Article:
Research shows that children who have exposure to mathematical experiences early on demonstrate a higher confidence in their ability to do math. Furthermore, these children are more likely to demonstrate characteristics, like curiosity and creativity, imaginativeness and inventiveness, persistence and flexibility. That’s why at UDA Creative Arts Preschool, we integrate math throughout our curriculum to provide plenty of experience for the development of early math skills.
But if you’re one of those people who drudged your way through those high school math classes, never fear! Your child’s early exposure to math doesn’t have to be structured or curricular. In fact, teaching young children math skills is much easier than you think! Even those of us who hate math, enjoy math. Here’s what we mean:
Math is Play!
The National Association for the Education of Young Children (NAEYC) recommends that rather than rote memorization of facts or doing worksheets, children will have a better understanding of math if they have open-ended play exploration.
For example, the numbers become much more concrete when we’re adding legs and eyes to a bug, or body sections to our caterpillar, rather than 1+1 on a piece of paper.
Although math at an early age should be play, children still need to be guided to see the connections. You can help your preschooler expand their thinking by taking their play a step further to see the mathematical relationships.
These kiddos are having a great time on the teeter-totter, but we can take this play a step further by asking who is heavier? Who is up and who is down? What happens if we fit two children on one side? They are learning to measure weight.
Who knew parent = math teacher? But like we said, it’s much easier than you think. Here are four fun ways you can incorporate a little more math in your preschooler’s life:
1 – Games
Games are a wonderful way to apply early math skills! Whether your child is counting how many squares they need to move, or adding the dots on the dice, it doesn’t take a sleuth to see their little brain at work. Here are a few of our favorites:
- Yahtzee – Awesome for numbers and operations. Guide them as they group the dice together and add them together.
- Board games like Sorry!, Chutes and Ladders, and Candy Land – Great to help children count squares both forward and backward, working on adding and subtracting.
- Card games like Go Fish! – Help with grouping.
- Tenzi – You can start out following the rules, but how much more fun to make up your own! The sky is the limit with the creativity you can do with this dice game.
- Blokus – Younger preschool children may not understand the blocking concept, but they love to play with the shapes.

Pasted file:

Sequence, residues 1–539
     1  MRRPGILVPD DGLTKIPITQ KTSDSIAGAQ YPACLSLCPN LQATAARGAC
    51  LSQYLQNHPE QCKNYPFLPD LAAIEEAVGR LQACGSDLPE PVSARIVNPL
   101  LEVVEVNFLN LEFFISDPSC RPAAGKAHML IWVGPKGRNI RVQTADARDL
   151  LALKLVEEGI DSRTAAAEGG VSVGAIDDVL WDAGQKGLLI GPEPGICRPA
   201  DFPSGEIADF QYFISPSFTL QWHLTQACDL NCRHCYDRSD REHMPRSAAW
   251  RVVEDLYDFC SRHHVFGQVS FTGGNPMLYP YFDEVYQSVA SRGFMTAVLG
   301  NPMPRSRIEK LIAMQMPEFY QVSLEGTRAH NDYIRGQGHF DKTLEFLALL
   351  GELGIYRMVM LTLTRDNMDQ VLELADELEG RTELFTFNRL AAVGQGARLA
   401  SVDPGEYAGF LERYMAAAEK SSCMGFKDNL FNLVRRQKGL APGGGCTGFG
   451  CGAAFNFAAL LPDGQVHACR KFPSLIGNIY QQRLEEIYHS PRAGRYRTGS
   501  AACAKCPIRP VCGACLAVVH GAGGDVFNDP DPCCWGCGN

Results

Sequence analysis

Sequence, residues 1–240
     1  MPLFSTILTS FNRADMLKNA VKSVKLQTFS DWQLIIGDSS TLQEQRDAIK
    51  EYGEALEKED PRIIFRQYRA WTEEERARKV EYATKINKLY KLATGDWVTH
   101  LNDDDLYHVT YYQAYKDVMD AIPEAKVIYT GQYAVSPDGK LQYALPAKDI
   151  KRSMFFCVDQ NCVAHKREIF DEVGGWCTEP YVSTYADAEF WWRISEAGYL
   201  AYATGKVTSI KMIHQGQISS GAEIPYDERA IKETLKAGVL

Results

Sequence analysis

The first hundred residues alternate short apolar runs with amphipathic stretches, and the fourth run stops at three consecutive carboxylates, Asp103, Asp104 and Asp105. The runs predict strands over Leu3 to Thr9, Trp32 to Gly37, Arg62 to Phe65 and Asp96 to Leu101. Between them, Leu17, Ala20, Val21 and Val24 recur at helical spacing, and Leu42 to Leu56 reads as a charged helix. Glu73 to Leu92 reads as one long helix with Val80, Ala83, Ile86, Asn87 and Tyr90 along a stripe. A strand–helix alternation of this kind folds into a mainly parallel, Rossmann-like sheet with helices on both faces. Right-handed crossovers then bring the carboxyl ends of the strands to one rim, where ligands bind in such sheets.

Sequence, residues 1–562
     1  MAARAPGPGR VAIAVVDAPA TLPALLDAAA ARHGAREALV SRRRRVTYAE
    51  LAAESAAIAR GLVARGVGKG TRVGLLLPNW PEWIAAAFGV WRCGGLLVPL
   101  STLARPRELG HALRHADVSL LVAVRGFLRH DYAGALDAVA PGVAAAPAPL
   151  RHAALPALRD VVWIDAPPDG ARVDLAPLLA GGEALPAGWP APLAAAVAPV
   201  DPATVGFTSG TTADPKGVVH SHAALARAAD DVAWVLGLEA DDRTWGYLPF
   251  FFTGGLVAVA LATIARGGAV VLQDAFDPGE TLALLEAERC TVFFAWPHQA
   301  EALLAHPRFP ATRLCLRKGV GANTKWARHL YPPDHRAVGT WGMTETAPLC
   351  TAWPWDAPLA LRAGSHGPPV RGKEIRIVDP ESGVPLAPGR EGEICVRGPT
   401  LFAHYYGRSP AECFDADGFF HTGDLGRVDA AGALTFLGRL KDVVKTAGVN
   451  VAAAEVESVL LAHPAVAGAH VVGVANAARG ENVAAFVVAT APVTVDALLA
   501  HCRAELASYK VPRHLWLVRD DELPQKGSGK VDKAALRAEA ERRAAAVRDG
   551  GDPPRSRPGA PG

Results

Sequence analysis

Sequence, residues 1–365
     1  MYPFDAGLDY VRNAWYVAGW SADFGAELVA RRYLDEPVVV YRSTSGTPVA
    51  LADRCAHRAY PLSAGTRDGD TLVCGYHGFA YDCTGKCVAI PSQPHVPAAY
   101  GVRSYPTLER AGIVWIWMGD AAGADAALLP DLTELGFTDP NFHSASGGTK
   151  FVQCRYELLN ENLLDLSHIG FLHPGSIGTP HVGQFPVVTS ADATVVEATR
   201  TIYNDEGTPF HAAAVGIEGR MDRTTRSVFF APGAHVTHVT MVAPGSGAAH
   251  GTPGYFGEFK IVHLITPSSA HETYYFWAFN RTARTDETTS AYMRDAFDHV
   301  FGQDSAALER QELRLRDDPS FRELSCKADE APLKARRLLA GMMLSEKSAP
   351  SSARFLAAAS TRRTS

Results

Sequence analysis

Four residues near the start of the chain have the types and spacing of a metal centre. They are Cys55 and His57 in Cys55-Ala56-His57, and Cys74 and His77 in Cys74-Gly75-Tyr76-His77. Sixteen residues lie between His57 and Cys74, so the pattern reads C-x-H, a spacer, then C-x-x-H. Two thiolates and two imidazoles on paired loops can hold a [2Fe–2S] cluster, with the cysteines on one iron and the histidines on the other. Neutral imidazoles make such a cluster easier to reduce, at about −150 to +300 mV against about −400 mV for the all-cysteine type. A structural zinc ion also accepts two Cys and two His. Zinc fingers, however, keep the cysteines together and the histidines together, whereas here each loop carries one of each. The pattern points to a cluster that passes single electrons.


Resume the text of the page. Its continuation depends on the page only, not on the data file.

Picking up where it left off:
2 – Shapes
Playing with shapes develops your preschooler’s understanding of geometry and patterning.
Of course, there are lots of wonderful resources out there, like puzzles and magnets, but you don’t need to wait for your Holiday bonus to provide shapes for learning. Children can stack blocks in a linear row.
They can stack them up and down as they develop spacial recognition. Using Play-Doh or construction paper, you can create shapes and then encourage your child to make patterns by color or shape.
- This tangram website provides a template to create your own tangram and gives you patterns for your child to recreate.
- Origami is another fun way you can guide your child through spacial recognition together. Check out this origami website for some fun beginner patterns.
3 – Measurements
Everything around us is measured: the weight of our breakfast cereal, our time, the length of our haircut. Children begin to see these measurements and numbers all around them and you can begin having daily conversations about what all these measurements mean.
But not everything needs to be measured by the “standard”. How many pumpkins high are you? Can you count how many sidewalk squares to the park? How many Legos tall is this pencil?
And, of course, cooking is a wonderful way to incorporate measurements in your day to day conversations. Have your kitchen helper count how many cups of flour and measure out a tsp of vanilla. Or use the scale at the store to measure the weight of your produce.
- Show your preschooler how to use a sewing measuring tape. Let them measure things around the house. (Sewing measuring tapes have a softer edge than the construction ones and will prevent cuts.)
- Let them use a stop watch to time how fast they can get ready for bed, put their shoes on, make their bed, etc.
4 – Money
The reality is that most of us live in a world of little plastic cards and internet purchases. But kids still need to understand what money is and how to use it. You can give your child an early start on these math skills by giving them coins (if they’re past choking hazard age) and money to play with.
- Let them use coins to make small purchases at the store. Even better, let them earn the coins first, and then let them use them to make a purchase.
- Create your own monetary system at home. Use it to reward good behavior and then let your child learn how to budget their money, be it puff balls or monopoly cash, to purchase rewards you have available to them.
When it comes to math, you don’t need to put all your eggs in one basket of curriculum. Just incorporate it in the things you are already doing by helping your preschooler make the connections and encourage the development of early math skills.
Whether in music, dramatic play, or even marching through the hallways, we do our best to integrate mathematical learning in all our curriculum. By developing a love of math at a young age, we know our preschoolers at UDA Creative Arts Preschool will leave us having the confidence they need to tackle math and other problem solving skills they will encounter. Come see us at work by scheduling a tour (801) 523-5930.
Written by: Elsje Denison